Expedition finds three new snailfish species at extreme depths

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Expedition finds three new snailfish species at extreme depths

September 11, 2018 - 10:19
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An expedition to the extreme depths of the Atacama Trench along the South American coast has led to the discovery of three new species of snailfish.

The Atacama snailfish beside the baited lander.

An expedition to the Atacama Trench, one of the deepest places on earth, has yielded video footage of three new species of snailfish, as well as a specimen of one of them.

Temporarily named “the pink, the blue and the purple Atacama snailfish,” the footage shows the snailfish feeding and interacting 6,500 to 7,500 metres below the surface. With their delicate fins and translucent, gelatinous bodies, they can withstand the tremendous pressure of such great depths.

Describing the snailfish as active and looking very well fed, Dr Thomas Linley, a research associate at Newcastle University, explained, “Their gelatinous structure means they are perfectly adapted to living at extreme pressure and in fact the hardest structures in their bodies are the bones in their inner ear which give them balance and their teeth. Without the extreme pressure and cold to support their bodies they are extremely fragile and melt rapidly when brought to the surface.”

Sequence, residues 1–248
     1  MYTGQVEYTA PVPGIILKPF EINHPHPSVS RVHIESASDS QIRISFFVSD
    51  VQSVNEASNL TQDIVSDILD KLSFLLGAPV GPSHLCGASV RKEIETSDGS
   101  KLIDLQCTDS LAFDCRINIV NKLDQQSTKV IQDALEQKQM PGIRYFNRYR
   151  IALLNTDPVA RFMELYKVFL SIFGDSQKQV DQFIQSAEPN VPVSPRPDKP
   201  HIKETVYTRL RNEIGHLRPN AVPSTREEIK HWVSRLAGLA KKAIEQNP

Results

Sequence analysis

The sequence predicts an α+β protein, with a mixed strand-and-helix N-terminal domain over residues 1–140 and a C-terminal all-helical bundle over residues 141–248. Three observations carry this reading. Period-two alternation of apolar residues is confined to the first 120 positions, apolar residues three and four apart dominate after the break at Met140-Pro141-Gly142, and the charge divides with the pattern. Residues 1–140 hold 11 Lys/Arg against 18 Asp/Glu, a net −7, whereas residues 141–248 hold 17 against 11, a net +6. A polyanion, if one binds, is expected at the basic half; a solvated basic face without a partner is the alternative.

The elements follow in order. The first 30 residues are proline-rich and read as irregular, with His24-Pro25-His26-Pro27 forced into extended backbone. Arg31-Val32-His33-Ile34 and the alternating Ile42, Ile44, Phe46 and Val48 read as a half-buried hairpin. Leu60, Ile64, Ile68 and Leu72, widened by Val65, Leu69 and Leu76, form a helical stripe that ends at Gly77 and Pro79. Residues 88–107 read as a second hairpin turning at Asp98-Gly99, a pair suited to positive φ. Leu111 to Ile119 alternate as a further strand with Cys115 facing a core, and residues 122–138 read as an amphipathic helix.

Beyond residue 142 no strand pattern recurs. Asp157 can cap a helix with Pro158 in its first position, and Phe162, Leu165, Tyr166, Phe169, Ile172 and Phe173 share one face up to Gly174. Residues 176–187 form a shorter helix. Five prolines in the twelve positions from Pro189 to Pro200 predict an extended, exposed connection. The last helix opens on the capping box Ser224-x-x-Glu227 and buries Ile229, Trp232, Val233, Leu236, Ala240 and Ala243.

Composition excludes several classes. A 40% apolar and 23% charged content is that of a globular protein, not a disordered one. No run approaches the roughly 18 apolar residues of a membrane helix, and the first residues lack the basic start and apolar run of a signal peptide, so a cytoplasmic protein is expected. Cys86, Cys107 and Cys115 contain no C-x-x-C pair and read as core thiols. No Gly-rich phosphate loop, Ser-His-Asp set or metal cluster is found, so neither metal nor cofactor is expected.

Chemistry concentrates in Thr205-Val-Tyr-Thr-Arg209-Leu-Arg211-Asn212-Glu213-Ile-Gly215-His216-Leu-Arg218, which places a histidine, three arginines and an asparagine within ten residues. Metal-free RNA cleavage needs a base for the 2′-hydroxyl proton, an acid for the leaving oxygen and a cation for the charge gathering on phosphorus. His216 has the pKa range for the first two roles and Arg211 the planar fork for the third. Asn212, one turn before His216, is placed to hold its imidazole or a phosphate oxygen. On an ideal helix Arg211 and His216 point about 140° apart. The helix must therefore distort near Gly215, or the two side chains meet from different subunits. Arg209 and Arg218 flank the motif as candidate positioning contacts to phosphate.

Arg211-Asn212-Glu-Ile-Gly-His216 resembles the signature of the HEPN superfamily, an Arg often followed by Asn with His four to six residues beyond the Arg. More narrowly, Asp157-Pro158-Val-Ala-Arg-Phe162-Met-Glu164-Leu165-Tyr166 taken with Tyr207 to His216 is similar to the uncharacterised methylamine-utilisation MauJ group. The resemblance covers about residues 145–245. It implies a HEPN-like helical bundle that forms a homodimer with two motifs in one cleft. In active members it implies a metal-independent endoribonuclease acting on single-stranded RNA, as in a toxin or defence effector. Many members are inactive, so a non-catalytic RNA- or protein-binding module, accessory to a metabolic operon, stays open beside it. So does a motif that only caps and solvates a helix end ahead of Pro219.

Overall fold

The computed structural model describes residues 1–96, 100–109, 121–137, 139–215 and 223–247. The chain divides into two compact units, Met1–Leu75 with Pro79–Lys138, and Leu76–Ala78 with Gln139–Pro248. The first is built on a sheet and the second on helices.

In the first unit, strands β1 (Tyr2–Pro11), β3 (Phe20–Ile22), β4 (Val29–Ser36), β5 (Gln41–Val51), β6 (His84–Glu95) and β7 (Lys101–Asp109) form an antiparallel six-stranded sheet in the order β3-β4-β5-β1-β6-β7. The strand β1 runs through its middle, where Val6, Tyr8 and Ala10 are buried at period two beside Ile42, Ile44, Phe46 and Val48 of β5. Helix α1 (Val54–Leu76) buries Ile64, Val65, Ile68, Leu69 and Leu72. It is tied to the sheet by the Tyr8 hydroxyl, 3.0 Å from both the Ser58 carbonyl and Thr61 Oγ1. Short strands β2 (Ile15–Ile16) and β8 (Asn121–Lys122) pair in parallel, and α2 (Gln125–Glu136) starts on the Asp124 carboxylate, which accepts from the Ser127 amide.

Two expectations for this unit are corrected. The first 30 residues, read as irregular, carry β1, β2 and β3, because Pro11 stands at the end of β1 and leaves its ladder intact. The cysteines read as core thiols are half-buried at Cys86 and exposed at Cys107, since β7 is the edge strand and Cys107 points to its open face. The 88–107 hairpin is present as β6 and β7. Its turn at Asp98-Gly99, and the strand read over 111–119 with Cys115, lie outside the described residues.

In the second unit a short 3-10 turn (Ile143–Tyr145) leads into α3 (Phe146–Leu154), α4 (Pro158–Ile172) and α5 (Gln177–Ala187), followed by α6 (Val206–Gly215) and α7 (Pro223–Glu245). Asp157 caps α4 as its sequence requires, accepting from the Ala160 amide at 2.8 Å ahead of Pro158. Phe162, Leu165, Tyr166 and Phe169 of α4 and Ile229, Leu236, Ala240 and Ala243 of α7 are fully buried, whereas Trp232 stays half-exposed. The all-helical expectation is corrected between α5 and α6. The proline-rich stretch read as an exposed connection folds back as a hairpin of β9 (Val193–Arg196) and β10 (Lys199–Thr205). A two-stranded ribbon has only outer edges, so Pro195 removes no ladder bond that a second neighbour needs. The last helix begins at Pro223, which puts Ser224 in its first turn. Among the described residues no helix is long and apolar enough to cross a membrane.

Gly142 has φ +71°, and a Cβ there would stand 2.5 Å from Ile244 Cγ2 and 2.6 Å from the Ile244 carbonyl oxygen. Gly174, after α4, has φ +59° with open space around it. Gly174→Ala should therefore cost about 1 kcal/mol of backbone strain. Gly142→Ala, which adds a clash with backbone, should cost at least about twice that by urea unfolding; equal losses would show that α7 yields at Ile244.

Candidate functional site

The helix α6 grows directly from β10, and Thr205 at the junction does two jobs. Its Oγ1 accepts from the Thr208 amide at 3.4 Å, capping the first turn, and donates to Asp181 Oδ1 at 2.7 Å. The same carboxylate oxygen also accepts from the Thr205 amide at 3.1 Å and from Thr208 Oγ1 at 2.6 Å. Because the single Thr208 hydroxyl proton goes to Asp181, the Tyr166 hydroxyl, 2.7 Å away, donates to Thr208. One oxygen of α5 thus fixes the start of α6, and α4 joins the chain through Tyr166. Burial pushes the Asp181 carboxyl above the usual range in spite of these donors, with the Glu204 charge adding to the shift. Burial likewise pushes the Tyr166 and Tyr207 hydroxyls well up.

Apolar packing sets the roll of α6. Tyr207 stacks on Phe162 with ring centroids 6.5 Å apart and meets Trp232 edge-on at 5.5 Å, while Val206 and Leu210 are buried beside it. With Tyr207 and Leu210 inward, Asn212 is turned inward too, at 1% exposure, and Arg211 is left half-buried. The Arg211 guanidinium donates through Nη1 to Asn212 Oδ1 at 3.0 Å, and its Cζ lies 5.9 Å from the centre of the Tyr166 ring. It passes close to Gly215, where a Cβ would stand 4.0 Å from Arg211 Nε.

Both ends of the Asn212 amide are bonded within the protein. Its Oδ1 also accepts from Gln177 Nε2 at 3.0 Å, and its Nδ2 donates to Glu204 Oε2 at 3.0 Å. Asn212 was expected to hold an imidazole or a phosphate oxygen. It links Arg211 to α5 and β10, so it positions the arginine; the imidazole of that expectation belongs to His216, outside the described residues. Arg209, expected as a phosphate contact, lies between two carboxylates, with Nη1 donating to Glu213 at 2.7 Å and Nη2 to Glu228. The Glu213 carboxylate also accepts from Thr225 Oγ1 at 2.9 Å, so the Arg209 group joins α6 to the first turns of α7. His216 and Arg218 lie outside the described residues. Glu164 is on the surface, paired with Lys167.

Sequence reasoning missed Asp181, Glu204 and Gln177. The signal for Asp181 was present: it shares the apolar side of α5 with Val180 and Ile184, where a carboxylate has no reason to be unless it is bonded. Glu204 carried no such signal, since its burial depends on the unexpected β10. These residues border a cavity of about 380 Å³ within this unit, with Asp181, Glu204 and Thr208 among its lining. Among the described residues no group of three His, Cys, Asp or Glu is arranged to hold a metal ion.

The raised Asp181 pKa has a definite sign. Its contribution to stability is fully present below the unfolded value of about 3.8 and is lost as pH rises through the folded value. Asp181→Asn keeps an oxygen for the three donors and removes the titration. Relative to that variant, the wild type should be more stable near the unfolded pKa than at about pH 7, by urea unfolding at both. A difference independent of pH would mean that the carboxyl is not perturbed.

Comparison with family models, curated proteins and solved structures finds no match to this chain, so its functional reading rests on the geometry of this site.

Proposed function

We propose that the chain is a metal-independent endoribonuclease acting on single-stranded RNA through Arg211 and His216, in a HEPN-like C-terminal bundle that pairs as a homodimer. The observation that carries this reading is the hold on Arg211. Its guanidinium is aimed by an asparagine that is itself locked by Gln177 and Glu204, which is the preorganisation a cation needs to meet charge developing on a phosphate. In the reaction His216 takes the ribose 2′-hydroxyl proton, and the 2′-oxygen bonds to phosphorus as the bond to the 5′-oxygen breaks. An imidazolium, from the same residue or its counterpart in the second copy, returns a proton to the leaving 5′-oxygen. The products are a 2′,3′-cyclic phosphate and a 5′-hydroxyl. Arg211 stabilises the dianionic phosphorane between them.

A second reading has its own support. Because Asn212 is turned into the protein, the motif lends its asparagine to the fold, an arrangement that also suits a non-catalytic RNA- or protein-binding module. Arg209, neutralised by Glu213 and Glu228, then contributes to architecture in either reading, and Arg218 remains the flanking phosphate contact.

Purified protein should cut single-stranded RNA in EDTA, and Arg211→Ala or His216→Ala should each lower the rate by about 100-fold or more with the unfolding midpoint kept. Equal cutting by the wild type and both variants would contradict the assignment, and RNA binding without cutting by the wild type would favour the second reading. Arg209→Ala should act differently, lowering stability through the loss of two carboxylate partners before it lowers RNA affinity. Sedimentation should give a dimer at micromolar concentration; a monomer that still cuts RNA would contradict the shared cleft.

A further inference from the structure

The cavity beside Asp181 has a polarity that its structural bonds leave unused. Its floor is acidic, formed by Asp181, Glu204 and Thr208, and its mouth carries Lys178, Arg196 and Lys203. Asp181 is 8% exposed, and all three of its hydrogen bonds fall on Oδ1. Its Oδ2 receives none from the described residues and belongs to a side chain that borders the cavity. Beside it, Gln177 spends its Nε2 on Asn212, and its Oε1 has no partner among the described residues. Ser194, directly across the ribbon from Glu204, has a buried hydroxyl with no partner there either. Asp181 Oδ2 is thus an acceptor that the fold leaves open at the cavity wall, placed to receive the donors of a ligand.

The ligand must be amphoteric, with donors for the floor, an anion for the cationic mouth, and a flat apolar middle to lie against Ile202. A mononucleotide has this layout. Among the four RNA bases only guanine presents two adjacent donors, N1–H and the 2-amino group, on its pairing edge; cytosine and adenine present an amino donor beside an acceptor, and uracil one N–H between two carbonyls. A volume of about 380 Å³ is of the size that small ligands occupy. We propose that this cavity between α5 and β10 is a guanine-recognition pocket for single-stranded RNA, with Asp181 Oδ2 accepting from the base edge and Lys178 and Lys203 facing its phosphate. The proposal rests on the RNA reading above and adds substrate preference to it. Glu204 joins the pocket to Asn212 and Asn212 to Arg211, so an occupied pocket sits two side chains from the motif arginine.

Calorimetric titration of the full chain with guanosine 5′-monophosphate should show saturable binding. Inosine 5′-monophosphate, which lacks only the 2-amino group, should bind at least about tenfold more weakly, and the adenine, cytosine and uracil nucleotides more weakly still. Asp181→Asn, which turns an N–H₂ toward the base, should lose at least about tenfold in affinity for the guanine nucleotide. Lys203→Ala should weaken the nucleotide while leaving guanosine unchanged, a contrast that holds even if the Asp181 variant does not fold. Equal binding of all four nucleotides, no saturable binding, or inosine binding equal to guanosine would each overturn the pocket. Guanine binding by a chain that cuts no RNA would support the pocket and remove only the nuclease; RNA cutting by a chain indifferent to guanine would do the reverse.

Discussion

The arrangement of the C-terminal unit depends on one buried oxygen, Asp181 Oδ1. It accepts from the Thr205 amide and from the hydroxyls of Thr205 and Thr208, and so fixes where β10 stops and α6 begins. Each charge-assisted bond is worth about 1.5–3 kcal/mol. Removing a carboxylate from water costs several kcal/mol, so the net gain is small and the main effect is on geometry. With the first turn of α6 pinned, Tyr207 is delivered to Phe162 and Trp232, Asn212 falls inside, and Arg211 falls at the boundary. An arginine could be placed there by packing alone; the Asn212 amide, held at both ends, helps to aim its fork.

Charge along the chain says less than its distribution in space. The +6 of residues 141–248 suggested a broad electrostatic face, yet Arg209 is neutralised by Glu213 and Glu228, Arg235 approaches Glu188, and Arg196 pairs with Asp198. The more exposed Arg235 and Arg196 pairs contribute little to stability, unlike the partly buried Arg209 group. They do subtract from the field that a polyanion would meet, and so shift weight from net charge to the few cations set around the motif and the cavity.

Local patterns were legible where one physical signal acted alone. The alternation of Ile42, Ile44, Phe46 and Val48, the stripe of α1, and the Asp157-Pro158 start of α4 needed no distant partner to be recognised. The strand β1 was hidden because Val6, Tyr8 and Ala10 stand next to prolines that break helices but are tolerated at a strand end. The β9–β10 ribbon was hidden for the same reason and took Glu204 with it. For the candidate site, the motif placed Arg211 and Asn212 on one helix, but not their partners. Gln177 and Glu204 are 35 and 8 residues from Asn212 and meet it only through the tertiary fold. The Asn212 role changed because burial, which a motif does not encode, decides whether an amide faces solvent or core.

Photo credit: Newcastle University.

Amazingly, one of the purple snailfish had followed its prey into one of the traps and was brought to the surface. Unfortunately, it did not survive the trip due to the change in temperature and low pressure. Nevertheless, as a physical—and intact—specimen, it can be preserved in a museum and used to formally describe the new species.

Besides the snailfish, the researchers also captured some rare footage of long-legged isopods, known as Munnopsids. These crustaceans have small bodies and very long legs, and they use "paddles" on their ventral side to swim backwards and upside down.

The expedition to the Atacama Trench, off the western coast of South America, involved 40 scientists from 17 different nations. The freefalling cameras which were deployed at the trench's deepest point just over 8,000 metres, captured more than 100 hours of video and 11,000 photographs.

The findings of the expedition will be presented at the 2018 Challenger Conference, currently being held at Newcastle University on 10 to 14 September.

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